Restoring Your Credit
When it comes to building and maintaining your credit, sometimes there are speed bumps along the way. After all, things happen. A reduction in income, unexpected expenses, identity theft, and so forth — all can have potentially negative impacts on your credit that can affect your ability to obtain and use credit. But, even if you’ve had some credit issues in the past, there are a number of ways to rebuild it. Here are a few tips that will help you on the road to recovery and give you greater oversight into your overall credit situation.
Make sure your credit report is accurate
A credit report contains the information used to calculate your credit score. And just like with a car repair, you need to know what needs fixing before you can fix it. If you don’t know what’s in your credit report, it will be more difficult to know where to focus your efforts. Plus, it’s important to check your credit report as it may contain errors, such as incorrectly listed late payments, amounts owed, or wrong information related to identity theft. You can request a free credit report once every 12 months from each major credit bureau.
Make your payments on time
It almost goes without saying, but making your payments on time, every time, is key to rebuilding your credit and reducing debt. But if you have multiple accounts open with different amounts due, it can be overwhelming. Start by reviewing your credit report or account statements and make a list of all your accounts and the total amounts due for each, and their minimum required monthly payments. This will help to rebuild your credit by demonstrating a history of making on time monthly payments.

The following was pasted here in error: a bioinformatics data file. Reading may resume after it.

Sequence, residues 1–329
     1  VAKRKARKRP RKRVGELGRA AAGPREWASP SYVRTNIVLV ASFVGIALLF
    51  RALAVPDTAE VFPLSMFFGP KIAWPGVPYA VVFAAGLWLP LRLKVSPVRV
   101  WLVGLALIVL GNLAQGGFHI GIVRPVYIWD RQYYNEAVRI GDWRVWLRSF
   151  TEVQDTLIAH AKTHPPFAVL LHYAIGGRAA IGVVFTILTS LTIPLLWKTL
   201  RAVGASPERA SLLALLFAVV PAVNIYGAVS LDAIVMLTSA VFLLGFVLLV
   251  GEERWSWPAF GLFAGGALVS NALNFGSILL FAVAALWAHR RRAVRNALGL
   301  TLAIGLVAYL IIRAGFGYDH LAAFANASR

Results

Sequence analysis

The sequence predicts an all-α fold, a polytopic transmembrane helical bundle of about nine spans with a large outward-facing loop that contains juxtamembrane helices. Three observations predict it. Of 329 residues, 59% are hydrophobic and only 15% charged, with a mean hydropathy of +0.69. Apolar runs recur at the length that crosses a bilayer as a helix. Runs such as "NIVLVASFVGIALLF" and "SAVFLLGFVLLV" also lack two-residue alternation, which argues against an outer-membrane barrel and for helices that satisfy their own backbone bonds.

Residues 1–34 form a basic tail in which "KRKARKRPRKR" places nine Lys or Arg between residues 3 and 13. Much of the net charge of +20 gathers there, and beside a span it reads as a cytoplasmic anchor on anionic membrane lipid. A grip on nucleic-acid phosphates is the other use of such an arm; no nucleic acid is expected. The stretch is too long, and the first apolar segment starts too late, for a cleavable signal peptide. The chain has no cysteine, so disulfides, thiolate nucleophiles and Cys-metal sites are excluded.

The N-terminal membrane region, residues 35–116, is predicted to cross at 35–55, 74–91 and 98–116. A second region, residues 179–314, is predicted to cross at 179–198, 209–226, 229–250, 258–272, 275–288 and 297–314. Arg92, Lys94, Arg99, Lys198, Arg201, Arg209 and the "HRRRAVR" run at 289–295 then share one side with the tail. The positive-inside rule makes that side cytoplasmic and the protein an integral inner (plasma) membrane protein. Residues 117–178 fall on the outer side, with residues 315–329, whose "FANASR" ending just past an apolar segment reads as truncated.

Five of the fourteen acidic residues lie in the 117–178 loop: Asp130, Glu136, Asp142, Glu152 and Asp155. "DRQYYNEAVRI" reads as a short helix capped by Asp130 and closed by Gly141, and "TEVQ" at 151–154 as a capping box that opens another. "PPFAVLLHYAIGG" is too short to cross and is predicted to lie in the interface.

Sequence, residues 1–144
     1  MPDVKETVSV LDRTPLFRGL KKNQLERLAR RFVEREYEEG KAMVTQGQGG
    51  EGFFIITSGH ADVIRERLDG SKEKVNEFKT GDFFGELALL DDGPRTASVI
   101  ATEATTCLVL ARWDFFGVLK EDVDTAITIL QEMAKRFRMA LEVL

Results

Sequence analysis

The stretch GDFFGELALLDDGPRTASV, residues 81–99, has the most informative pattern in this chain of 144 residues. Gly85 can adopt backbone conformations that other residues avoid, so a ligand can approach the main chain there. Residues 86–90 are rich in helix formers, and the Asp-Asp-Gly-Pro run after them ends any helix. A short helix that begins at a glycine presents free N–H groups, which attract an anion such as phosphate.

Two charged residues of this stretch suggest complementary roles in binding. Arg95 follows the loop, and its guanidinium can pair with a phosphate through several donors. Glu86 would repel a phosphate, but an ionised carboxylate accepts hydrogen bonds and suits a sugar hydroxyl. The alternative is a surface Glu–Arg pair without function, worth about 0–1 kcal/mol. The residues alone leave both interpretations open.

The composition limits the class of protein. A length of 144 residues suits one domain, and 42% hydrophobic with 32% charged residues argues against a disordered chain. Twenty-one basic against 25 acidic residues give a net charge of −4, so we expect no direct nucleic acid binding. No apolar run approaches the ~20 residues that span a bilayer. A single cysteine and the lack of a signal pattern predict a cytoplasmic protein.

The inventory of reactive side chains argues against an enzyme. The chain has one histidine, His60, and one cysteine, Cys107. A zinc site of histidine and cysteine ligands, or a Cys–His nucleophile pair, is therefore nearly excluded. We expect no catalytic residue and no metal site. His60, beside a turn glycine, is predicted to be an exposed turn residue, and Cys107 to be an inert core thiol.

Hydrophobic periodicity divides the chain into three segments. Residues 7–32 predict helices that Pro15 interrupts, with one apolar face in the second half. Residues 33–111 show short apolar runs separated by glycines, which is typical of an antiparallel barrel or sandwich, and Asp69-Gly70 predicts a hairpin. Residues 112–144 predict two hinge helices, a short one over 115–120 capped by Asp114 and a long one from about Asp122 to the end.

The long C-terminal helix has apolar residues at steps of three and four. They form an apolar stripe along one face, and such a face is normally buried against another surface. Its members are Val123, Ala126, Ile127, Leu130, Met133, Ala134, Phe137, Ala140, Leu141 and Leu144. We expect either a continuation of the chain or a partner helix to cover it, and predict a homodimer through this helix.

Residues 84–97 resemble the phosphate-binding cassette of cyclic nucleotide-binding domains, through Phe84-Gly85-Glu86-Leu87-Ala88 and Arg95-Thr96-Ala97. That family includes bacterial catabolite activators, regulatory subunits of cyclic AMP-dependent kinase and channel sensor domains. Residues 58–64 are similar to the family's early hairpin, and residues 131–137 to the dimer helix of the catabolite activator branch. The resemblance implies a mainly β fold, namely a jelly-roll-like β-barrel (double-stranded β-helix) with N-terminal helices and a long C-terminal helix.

Close accounts you don’t need anymore
We’re not talking about credit cards or lines of credit you use seldom, such as an emergency credit card. This would be the line of credit opened for you such as when you financed a jewelry purchase at a retail jeweler, paid it off, then never purchased anything from them again. The financing institution might have opened a line of credit for you that still exists and will show up on your credit report. If it’s an account you’re certain you won’t ever use again, you might consider closing it just to reduce the number of accounts to keep track of.
Rebuilding credit takes time, patience, and a commitment to following good credit management practices. Applying these guidelines should help improve your credit over time and get you back on the road to credit success.
"Building your credit." Wells Fargo Auto, 2017.
"Tips for Managing Debt." Wells Fargo, 2001 – 2017.
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